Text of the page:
Jefferson also devoted a substantial portion of his secret history to providing an account of his many private meetings with Washington, in all of which the latter showed himself to be in complete agreement with Jefferson about the need to establish 'pure republicanism.’ Even those infamous presidential levees, where Washington supposedly held court like an American king, were misleading. Washington’s private secretary had told the attorney general, who had told Madison, who then told Jefferson, that Washington despised the royal trappings of these occasions. No matter what Marshall’s official and officious biography said, Washington’s deepest sentiments agreed completely with Jefferson’s.”
Joseph Ellis, American Sphinx
Jefferson wasn’t the first one to basically call Washington a senile old man being led around by the nose by Hamilton (ignoring that Washington was an adult who can make his own decisions), but his revisionist interpretation is by far the most entertaining.
“Virginians owed at least £2.3 million to British merchants, nearly half the total owed by all the American colonies. In May 1774, Jefferson and Patrick Henry had proposed suspending payments of such debts….For the colonists, the decision to revolt was not solely economic, but it was surely informed by concerns over money. In Virginia the impetus to rebel came from the propertied elements of society; the middle and lower classes were slower to follow the lead of men such as Jefferson. It was a rich man’s revolution, and Jefferson was a rich man. It was a philosophical revolution, and Jefferson was a philosophical man.
The intersection of economic and ideological forces created a climate in which well-off, educated Virginians saw a clearer, more compelling, and more attractive future if they could successfully separate themselves from London.”
The background to this is that in 1819, a document surfaced in Mecklenburg County, North Carolina, claiming to have been written in 1775 that contained language very similar to the Declaration of Independence. It caused people to question whether Jefferson had actually written the Declaration of whether he had copied what he read from the Mecklenburg Resolves. It’s almost universally agreed upon today that the documents from Mecklenburg are a forgery, and at the time Jefferson tried to reassure Adams.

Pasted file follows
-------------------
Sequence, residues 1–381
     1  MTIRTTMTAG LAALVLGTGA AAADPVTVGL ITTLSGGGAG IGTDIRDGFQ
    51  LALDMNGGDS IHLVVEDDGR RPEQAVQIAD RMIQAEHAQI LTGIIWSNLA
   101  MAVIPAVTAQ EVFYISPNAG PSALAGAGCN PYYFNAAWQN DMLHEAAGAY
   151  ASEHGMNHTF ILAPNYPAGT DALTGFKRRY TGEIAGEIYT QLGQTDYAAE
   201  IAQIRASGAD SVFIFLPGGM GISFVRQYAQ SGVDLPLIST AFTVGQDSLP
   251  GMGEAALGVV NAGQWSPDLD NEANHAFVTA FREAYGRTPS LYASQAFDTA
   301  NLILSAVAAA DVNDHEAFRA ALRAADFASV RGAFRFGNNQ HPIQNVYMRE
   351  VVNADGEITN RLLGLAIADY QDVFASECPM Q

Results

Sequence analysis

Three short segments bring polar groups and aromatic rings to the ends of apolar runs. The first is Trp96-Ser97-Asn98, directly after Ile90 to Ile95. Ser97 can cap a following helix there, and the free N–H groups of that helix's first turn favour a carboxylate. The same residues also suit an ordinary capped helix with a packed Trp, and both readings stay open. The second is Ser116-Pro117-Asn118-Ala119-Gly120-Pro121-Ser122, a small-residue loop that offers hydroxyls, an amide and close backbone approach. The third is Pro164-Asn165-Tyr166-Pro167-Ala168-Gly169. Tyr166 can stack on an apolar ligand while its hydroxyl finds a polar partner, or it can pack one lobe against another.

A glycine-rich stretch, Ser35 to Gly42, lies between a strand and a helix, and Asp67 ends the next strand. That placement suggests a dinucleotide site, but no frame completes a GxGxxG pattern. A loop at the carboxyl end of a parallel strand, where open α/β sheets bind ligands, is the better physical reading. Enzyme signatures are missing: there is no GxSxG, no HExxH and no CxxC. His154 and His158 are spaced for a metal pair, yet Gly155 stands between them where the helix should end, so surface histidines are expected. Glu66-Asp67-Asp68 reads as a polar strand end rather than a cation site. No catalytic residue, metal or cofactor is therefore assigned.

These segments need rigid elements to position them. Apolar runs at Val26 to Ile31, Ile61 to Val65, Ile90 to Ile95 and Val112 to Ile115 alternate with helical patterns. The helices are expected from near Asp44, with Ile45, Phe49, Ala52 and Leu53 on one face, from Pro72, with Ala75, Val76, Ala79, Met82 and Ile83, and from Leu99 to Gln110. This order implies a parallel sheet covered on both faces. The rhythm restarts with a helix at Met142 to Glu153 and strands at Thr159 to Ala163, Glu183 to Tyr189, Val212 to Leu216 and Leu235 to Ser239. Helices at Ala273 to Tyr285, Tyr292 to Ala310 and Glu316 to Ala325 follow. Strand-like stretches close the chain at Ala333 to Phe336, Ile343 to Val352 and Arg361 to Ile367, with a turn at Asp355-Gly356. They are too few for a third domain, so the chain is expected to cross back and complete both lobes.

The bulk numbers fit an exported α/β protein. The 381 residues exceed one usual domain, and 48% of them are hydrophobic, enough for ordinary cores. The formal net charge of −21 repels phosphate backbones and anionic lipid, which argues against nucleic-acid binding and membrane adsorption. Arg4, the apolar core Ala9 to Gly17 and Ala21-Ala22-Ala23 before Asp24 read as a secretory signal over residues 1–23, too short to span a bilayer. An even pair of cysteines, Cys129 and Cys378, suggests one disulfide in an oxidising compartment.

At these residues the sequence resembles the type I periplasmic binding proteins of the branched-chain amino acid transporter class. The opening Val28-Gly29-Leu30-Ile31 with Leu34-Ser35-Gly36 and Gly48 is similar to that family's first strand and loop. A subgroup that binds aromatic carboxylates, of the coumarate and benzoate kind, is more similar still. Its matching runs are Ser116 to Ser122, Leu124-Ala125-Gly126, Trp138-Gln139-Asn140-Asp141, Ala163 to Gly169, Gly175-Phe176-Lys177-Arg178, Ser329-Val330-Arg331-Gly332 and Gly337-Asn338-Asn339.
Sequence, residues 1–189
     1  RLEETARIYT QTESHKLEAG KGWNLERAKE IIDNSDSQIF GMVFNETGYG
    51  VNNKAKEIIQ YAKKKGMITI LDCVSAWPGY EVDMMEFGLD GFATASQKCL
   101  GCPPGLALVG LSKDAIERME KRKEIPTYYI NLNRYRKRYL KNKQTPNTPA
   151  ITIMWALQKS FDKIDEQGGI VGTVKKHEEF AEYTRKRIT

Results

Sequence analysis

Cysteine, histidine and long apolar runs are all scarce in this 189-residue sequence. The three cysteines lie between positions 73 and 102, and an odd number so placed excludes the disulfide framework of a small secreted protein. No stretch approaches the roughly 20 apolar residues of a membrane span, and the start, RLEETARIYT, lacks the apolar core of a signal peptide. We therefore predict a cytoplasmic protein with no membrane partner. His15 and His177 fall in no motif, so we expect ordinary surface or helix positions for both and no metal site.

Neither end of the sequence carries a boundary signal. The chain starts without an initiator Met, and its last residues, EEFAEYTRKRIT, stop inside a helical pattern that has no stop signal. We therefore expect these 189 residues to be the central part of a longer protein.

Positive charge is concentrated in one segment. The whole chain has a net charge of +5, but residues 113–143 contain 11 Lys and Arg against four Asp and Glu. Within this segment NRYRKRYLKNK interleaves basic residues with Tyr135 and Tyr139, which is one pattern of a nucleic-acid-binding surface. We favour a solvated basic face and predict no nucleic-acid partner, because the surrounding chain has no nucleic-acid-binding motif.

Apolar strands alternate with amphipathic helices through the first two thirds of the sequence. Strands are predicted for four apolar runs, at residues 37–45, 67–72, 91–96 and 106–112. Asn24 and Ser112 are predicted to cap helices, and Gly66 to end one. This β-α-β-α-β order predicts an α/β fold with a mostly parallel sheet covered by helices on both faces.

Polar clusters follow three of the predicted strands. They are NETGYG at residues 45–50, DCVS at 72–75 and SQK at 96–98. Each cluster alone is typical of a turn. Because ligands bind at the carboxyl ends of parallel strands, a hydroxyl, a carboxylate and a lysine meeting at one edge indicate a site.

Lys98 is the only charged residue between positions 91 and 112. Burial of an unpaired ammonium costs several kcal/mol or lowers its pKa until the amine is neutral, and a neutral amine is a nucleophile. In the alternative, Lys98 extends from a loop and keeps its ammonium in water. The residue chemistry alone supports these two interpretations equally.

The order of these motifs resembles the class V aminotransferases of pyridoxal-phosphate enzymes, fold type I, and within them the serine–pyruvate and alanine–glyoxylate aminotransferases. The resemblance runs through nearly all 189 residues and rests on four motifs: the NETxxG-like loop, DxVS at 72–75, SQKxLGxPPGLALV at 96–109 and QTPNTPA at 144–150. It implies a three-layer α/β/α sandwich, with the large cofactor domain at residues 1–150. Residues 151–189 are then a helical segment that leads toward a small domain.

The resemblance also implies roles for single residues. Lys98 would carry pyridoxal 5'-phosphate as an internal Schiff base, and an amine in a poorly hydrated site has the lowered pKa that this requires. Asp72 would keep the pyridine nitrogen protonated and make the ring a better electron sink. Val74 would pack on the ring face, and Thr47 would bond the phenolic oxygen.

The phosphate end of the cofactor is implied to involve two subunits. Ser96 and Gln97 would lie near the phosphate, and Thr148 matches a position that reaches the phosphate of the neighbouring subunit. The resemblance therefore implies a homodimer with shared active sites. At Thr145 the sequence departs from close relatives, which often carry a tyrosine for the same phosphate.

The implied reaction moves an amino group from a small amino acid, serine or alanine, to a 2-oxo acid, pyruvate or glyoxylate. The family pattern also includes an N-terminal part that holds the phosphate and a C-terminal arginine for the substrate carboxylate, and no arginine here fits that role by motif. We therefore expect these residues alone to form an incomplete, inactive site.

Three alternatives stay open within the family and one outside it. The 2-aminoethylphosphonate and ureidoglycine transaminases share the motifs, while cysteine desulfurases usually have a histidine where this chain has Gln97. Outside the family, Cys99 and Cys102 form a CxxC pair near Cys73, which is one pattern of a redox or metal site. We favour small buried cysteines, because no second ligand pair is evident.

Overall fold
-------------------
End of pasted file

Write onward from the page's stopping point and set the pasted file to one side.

“But who can be the Demon to invent such a machine after five and forty years, and what could be his motive? Was it to bring a charge of Plagiarism against the Congress in 76, or against you, the undoubted, acknowledged draughtsman of the Declaration of Independence? Or could it be the mere vanity of producing a jeu d'esprit, to set the world a gasp and afford a topic of Conversation in this piping time of Peace?”
- John Adams to Thomas Jefferson, July 21, 1819
“Either these resolutions are a plagiarism from Mr. Jefferson’s Declaration of Independence, or Mr. Jefferson’s Declaration of Independence is a plagiarism from those resolutions. I could as soon believe that the dozen flowers of the Hydrangea, now before my eyes, were the work of chance, as that the Mecklenburg resolutions and Mr. Jefferson’s Declaration were not derived the one from the other.”
- John Adams to William Bentley, August 21, 1819
To be fair, though he was certainly motivated by vanity, Adams was less insistent on believing Jefferson was a plagiarist than he was disturbed that people connected the whole Revolution to Jefferson and his Declaration, at the expense of everyone else.